A must-see, but mind the language

A must-see, but mind the language

A must-see, but mind the language

First published in Arts Reviews Essex County Standard: Photograph of the Author by

Poignant, beautiful, brutal, funny.

Four words that sum up this great play, but also the relationship it examines.

It’s about Kali and Todd, a couple who met in a bar, bought a house together and then planned to live happily ever after.

But this hasn’t quite worked out how the characters would have liked, as they have ended up emotional hostages to a violent and destructive relationship.

The title of Bryony Lavery’s play refers to the city the couple are planning to get away to.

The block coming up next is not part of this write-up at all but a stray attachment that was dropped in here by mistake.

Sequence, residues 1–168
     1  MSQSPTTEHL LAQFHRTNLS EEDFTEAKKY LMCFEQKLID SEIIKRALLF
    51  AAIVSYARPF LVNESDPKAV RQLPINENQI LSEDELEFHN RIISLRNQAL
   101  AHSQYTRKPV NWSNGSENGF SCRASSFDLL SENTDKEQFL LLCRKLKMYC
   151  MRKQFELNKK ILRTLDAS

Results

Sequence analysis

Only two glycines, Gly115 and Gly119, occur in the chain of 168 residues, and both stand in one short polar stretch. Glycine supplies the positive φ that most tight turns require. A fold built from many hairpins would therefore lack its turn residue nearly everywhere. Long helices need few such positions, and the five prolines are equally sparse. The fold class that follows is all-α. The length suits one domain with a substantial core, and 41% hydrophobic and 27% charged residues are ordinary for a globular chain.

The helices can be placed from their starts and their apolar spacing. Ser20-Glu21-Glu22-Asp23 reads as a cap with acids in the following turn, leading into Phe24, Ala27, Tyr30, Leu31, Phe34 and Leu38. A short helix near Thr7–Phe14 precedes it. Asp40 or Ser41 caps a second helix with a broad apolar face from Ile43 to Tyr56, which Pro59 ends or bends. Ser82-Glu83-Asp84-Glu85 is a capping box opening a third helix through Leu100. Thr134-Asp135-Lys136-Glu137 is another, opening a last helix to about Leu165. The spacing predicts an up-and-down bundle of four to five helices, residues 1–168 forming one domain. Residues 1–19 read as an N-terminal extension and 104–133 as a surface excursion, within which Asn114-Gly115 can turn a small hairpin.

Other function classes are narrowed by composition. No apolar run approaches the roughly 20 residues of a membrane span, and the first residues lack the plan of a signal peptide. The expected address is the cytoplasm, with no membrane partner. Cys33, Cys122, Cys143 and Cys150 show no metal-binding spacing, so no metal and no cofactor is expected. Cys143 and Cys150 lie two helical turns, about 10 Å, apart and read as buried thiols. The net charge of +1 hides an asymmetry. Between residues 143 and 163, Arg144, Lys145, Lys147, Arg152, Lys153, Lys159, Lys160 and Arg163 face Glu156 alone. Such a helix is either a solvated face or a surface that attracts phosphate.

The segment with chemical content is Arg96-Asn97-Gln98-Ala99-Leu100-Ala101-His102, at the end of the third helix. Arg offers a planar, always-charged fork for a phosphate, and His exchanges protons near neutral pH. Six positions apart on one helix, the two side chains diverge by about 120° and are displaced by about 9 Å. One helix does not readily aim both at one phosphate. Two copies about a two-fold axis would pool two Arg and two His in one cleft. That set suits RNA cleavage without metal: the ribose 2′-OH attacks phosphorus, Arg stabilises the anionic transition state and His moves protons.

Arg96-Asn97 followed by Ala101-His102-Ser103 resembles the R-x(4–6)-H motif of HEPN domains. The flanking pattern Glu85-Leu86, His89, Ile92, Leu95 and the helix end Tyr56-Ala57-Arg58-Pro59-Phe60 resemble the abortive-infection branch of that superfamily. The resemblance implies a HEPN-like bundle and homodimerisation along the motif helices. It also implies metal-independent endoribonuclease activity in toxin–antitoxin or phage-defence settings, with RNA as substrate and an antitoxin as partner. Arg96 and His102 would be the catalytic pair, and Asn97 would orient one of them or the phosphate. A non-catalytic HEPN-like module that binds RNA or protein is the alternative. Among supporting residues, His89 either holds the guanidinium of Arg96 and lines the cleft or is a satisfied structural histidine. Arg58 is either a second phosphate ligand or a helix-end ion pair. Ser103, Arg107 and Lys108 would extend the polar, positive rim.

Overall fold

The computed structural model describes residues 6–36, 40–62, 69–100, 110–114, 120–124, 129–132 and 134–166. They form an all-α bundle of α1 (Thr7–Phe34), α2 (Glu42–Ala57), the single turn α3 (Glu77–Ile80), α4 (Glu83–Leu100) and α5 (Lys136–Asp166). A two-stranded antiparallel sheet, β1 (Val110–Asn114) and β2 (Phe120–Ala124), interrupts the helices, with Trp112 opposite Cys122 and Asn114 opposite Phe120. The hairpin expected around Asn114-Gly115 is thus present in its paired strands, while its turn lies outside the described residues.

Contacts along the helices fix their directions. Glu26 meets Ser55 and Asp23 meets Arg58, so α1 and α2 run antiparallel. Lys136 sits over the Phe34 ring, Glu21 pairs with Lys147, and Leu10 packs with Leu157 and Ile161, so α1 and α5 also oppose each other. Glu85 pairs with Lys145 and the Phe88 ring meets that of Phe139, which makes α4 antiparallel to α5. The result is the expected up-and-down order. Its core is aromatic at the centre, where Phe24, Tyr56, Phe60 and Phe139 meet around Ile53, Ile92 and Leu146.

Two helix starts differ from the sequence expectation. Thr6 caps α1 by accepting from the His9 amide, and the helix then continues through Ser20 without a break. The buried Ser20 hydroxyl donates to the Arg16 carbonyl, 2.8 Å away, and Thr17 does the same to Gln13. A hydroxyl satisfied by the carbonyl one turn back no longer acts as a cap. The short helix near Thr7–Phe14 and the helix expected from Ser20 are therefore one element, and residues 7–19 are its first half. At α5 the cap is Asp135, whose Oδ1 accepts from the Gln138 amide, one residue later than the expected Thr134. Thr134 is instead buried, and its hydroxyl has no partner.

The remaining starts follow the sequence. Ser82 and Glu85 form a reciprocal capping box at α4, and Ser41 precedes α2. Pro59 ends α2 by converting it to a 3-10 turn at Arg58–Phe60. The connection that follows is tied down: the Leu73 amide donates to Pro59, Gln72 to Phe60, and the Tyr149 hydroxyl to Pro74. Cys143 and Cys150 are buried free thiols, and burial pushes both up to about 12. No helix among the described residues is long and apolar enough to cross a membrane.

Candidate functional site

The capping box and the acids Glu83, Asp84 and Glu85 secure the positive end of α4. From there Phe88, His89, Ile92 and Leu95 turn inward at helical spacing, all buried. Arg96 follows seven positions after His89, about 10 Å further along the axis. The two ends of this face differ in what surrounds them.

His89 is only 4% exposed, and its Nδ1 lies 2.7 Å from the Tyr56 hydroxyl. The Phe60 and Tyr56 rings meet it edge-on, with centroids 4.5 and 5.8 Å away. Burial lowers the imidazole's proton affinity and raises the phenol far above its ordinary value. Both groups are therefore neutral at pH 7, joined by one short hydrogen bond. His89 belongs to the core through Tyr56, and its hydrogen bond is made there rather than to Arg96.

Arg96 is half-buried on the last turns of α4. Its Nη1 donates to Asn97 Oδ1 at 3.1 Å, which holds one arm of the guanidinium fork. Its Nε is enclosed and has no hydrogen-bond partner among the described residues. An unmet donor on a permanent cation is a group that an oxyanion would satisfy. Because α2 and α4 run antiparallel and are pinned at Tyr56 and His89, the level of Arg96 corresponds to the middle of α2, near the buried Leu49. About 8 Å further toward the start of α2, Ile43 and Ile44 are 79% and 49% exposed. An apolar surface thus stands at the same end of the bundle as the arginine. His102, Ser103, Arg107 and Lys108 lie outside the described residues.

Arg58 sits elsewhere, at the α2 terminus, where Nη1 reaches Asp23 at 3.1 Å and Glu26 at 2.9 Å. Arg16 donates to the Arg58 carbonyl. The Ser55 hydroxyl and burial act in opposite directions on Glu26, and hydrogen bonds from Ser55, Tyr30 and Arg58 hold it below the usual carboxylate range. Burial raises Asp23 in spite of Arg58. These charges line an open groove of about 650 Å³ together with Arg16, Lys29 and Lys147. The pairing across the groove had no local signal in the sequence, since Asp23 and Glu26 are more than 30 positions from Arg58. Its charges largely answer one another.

It’s a city break designed to detract from the problems lying beneath the surface.

It’s also a reference to the syndrome where hostages sympathise with their captors.

In this respect as the play draws to a close, you see Todd and Kali accept the huge faults within their relationship and, to some extent, revel in it.

It really is an excellent piece of work which at moments is touching and funny, as well as thought-provoking and deeply moving.

For the play to work, you have to believe absolutely in the characters and actors Clare Humphrey and Marshall Griffin are utterly convincing, easily earning our empathy.

The simple set, melancholy soundtrack and clever use of movement made it almost balletic in its intensity and beauty, and if it wasn’t for the rather choice language in places, I really would recommend it to everyone.

But if you can take the bad language then you must see this play.

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